PensionsEurope deeply concerned with pensions developments for Bulgarian pensions

PensionsEurope deeply concerned with pensions developments for Bulgarian pensions

PensionsEurope deeply concerned with developments in Bulgaria for Bulgarian pensions. There are worrying developments for supplementary pensions taking place in Bulgaria. In order to improve public finances, the Bulgarian Government has decided to enable employees to transfer their pension funds’ assets into the public pay-as-you-go pension system, which jeopardises the existing multi-pillar pension system.

The Bulgarian pension system contains of three pillars: a mandatory PAYG system, a mandatory second pillar and a voluntary third pillar. The second pillar consists of Universal pension funds (UPFs) and Occupational pension funds (OPFs). The UPFs cover employees (regardless of their job category) and the self-employed. Participation in UPF is compulsory for all workers born after December 31, 1959. Those pension funds are fully-funded defined contribution schemes with individual accounts. 5% of the overall social security contributions (17.8%) are redirected to this funded pillar, members choose their provider. All workers born after 31 December 1959 participate also in the PAYG first pillar, however with a lower contribution of 12.8%. Occupational pension funds (OPFs) are early retirement schemes, targeted to employees working in hazardous environments. They are also fully funded, defined contribution schemes with individual accounts. Contributions to occupational pension funds are made exclusively by employers and depend on the employee’s job category(1) .

The government is reforming the system in such a way that UPF members will have to choose whether to continue their parallel participation in a pension fund or to participate only in the public system and transfer all accumulated assets into the public pay-as-you-go system. Pension contributions which are currently channeled to the Universal pension funds will be paid into the public system. Accumulated pension savings in the individual accounts of the members will also be transferred to the public system. Bulgaria’s public pension system does not have individual accounts, and thus the transferred funds would be swallowed up in the PAYG system. Employees joining the labor force after 1 January 2015 will have the opportunity to decide whether to participate in a pension fund within the first year of their employment. Once the decision made, it is irreversible. If an employee does not exercise this right to choose, he or she will enter the public PAYG system without an option to change the decision later. This reform in Bulgaria is remarkable, as employees are made to choose between two systems of retirement provision that are non-comparable by nature: a PAYG and a fully-funded system.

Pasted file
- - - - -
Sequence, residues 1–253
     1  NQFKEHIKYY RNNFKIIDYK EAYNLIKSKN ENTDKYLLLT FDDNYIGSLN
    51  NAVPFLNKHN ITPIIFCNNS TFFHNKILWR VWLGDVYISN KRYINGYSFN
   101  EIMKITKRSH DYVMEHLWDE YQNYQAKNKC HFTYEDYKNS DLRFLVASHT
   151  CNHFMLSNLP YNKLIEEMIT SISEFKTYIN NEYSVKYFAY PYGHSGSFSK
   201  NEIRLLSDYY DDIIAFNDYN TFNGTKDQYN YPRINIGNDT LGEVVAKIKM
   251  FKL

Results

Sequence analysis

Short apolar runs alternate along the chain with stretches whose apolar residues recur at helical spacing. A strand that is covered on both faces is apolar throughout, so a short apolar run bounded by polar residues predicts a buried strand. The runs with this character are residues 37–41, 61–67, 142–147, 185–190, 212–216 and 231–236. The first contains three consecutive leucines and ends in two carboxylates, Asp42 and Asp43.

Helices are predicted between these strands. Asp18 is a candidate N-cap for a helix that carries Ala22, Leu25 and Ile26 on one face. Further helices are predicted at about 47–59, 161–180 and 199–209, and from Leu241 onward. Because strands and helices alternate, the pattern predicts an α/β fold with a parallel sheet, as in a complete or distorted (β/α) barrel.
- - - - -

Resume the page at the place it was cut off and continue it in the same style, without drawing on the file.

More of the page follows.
Joanne Segars, Chair of PensionsEurope said “This pension reform clearly undermines the role of funded pension schemes in the pension system and the economy. Bulgaria faces severe demographic challenges. Those challenges cannot be overcome alone by the pay-as-you- go pensions and public finances on the long run. The EU pension policy from the Lisbon strategy until the White Paper on pensions has for more than a decade recognized the importance of funded occupational pensions in providing adequate and sustainable pensions. We very much support this goal. As the leading voice for the workplace based pensions in Europe, we are convinced that efficient multi-pillar pension systems are a key element in order to provide good, adequate and sustainable pensions for the people in Europe. We need more funded pensions, not less.”

Matti Leppälä, PensionsEurope Secretary-General and CEO said “We are deeply concerned with the developments in Bulgaria. Funded pension schemes play a key role in providing for retirement benefits as well as the functioning of the economy and financial markets. They are major actors in the equity and fixed income markets. By transferring the assets from the universal pension funds to the state the three-pillar pension model functional since 2000 will be destroyed, while the economy of Bulgaria will be damaged on the long run. Funded pensions are needed for good retirement income in Bulgaria.”


(1) 12% for Category I workers (are and not only: those working under ground, in the air, in the water or in contour 1 of atomic power stations), and 7% for Category II workers (are and not only workers in the chemical industry, drivers of buses and trolley buses and tram drivers of urban transport, crews of ships of sea and river fleet, workers in installation and maintenance telecommunications equipment, circus artists, acrobats, gymnasts, balancers and many others). The 5 % contribution paid to the UPF is split in two – 2.8 % are paid by the employer and 2.2% by the worker.

Categories: European Pensions, News
Tags: Europe

About Author